There are surprisingly few factors that define our facial appearance: In a group of 600 people, "we only needed 44 separate variables to express all the variation that could exist in the face," one scientist tells the Washington Post. That helps explain the impressive results of three young Irish people in search of their doppelgangers—people who look just like them. In what they call the Twin Strangers project, Harry English, Niamh Geaney, and Terence Manzanga have given themselves 28 days to track down their lookalikes, with help from social media, the Post reports. Turns out Facebook is really living up to its name. "The power of social media is so crazy, so intense, you would not believe it," Geaney says.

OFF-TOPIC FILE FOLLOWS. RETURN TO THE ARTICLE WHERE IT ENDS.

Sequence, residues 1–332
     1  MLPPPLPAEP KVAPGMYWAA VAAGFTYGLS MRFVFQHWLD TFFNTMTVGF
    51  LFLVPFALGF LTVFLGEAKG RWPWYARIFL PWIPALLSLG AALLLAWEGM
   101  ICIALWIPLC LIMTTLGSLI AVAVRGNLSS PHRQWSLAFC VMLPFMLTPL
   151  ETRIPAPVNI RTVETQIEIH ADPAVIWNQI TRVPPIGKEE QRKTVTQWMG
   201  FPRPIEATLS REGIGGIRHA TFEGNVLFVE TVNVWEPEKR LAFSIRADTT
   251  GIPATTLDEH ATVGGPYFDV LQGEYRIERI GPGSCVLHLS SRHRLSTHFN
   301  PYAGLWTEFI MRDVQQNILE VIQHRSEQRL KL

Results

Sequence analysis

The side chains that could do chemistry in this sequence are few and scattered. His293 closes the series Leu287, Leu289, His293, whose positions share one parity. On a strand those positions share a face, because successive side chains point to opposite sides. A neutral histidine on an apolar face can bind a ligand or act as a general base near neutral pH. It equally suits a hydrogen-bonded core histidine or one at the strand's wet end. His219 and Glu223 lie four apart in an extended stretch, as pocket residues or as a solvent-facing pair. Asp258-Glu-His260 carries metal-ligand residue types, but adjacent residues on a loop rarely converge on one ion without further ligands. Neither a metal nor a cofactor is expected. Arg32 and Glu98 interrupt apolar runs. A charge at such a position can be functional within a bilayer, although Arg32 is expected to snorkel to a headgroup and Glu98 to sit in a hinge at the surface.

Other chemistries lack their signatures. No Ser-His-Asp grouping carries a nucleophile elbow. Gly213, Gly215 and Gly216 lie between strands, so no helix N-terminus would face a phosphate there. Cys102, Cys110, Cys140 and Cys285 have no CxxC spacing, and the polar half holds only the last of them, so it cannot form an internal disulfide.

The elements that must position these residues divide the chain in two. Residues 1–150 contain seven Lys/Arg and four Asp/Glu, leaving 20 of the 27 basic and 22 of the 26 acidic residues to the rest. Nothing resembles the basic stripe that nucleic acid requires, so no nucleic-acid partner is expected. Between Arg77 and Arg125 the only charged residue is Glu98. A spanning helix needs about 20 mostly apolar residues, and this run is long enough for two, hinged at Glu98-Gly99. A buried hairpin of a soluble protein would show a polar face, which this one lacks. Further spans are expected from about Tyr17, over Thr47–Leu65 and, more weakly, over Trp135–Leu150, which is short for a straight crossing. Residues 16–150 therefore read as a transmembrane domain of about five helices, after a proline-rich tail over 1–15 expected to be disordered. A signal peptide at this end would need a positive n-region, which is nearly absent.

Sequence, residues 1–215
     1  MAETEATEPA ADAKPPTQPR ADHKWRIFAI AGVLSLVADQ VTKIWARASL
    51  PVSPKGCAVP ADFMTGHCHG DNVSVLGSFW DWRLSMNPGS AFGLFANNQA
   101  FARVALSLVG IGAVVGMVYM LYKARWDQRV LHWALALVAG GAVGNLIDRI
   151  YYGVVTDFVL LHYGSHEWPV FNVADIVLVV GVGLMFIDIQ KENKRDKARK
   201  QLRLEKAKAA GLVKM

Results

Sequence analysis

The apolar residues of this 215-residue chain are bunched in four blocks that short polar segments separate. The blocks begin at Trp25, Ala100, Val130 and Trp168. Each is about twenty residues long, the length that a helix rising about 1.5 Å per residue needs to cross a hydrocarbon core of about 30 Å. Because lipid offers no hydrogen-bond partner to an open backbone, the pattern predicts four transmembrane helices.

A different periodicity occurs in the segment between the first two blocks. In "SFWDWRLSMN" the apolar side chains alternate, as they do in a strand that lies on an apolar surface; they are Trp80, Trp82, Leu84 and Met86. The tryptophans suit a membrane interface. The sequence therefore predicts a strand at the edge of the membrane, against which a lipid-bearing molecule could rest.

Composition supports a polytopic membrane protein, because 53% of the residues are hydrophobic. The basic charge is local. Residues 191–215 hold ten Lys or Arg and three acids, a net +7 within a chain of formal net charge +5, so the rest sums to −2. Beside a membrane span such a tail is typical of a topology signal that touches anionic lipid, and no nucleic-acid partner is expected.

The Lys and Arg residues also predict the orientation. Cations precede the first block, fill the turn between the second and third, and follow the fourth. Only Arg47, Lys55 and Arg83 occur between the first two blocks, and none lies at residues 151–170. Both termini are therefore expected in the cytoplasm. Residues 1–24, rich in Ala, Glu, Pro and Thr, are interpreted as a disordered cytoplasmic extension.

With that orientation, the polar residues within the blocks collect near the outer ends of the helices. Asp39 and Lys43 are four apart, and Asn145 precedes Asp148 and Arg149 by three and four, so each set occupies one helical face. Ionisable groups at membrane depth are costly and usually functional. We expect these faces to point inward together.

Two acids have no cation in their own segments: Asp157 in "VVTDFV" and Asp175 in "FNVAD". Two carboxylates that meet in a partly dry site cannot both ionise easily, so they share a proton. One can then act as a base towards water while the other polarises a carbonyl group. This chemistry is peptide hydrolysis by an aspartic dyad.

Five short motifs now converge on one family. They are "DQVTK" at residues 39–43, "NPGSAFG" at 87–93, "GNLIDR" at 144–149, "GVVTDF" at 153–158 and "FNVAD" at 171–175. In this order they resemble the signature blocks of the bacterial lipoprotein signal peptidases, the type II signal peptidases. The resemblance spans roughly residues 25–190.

The three alerted the world to their quest via a website, Facebook, Twitter, YouTube, and Instagram. After two weeks, the results were pouring in: some 6,000 messages a day, many of which were from others wanting help finding their own doppelgangers. It's all paid off for Geaney, who has found the alarmingly similar-looking Karen Branigan—who lives just an hour from her. "For the entire duration of our encounter, I pretty much stared at her," Geaney tells the Daily Mail. "I can’t remember the number of times I said, 'This is so freaky.'" English and Manzanga are still working on finding doppelgangers, but there's certainly hope, as videos on their site attest. In fact, Geaney was inspired by a journalist who managed a similar feat in 2011, Mashable reports. You can connect with the project on Facebook. (Are these celebrities further indication that doppelgangers exist?)